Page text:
Up and down weather and such. I made it over to the reservoir again in a grey hole and brought back three largish trout, one of which was one of those landlocked jack salmon that are stocked in the upper lake. You only find them in the lower lake if they got through the turbines intact and then grew up. This one had to be at least four years old; towed the boat in a circle before I got the landing net out.
I made a soup on the same day, using leftover water from steamed broccoli, some red chard, beet greens, a garlic clove, a green onion, a leaf of red cabbage, black beans, and tomato sauce, We didn’t grow the black beans. I’m happy about the extent to which we are using our own garden through the winter. Beloved also thawed out some of our diced apples to use with oatmeal and such. I’ll probably put the last of that into a loaf of bread.
In two days the Library will have its holiday potluck and I’m so apathetic; haven’t made anything or even thought of making anything. Sigh ... Should maybe pick up a couple of sweet potatoes and some walnuts ....
Local Granddaughter is coming to stay next week, so I need to find the tree trimmings for her to use; I should also have repaired the creek bridge so that she can safely get to the playhouse but I have put that off due to the cold and my diminished strength and resistance. So instead I have wrapped everyone’s gifts; Beloved will add her contribution to the various heaps and pack and mail them next week.
Spare time, such as has been available, has been divided between napping and revising old poems. The poems were written by a former self. I kept about two thirds of them and have changed the pronouns in more than half; otherwise they are fairly recognizable, I think. So I’ve taken down links to the original books and republished them as the Collected Poems.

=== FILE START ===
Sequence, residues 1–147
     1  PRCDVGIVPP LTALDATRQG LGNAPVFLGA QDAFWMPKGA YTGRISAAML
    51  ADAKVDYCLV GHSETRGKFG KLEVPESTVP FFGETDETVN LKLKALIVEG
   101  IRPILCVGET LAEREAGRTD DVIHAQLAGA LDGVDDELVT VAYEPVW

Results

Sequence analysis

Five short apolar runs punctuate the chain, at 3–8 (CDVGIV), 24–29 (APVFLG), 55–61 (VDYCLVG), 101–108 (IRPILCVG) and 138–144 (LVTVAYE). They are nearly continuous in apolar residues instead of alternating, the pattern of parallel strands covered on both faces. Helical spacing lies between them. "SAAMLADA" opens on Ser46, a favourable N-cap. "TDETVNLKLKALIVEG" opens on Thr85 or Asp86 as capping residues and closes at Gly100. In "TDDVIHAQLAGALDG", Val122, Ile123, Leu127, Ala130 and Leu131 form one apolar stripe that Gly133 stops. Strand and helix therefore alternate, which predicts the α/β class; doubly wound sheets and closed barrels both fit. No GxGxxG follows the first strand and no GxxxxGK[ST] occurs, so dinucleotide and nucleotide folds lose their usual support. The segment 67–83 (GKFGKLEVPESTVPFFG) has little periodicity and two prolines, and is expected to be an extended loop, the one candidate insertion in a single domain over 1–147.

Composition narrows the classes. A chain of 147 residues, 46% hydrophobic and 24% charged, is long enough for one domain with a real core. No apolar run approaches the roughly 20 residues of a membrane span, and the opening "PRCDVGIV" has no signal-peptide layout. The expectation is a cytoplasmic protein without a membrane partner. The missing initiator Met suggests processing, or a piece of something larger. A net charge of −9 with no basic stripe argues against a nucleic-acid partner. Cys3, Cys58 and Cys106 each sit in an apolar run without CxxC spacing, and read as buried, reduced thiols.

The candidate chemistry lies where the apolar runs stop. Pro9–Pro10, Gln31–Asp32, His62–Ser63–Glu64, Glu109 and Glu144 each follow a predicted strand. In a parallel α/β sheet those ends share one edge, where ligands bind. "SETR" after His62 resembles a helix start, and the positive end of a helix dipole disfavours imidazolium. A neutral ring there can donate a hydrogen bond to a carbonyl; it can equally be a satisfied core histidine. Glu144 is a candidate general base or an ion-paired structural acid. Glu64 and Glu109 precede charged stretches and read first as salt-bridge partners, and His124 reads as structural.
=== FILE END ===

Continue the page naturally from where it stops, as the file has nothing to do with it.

Here's one of the earliest of them:
she sells booksI’m not writing poems much now; haven’t since I began HRT. It's nearly all prose. I have no idea why; perhaps it might make a good thesis for a budding biochemist sometime.
She sells books from nine to six. They are
good books, well bound, well written, colorful
to the eye, and children love them, but
the town is poor. She sits waiting for hours
for one grandmother to come in and buy one book
for a favored grandchild. The owner of the store
is her friend; she cannot leave her just now, but the store,
she knows, is not her place in life. All
she has ever wanted is to farm: at evening,
when the dinner things are cleared, and the hot sun
drops behind the cottonwood, she farms.
Food for the ducks, and soapy water for broccoli;
old lettuce gone to seed comes out; the hay
is rearranged, and fall peas go in. She stops
only to hear the geese pass overhead,
then bends among her plants until the stars,
first one and then another, leap and are caught
in the hair of approaching night, so like her hair.
She comes in, soiled to the elbows, leans against
the table, extending an open palm. "Look,"
she says, her eyes afire. "Marigold seeds!"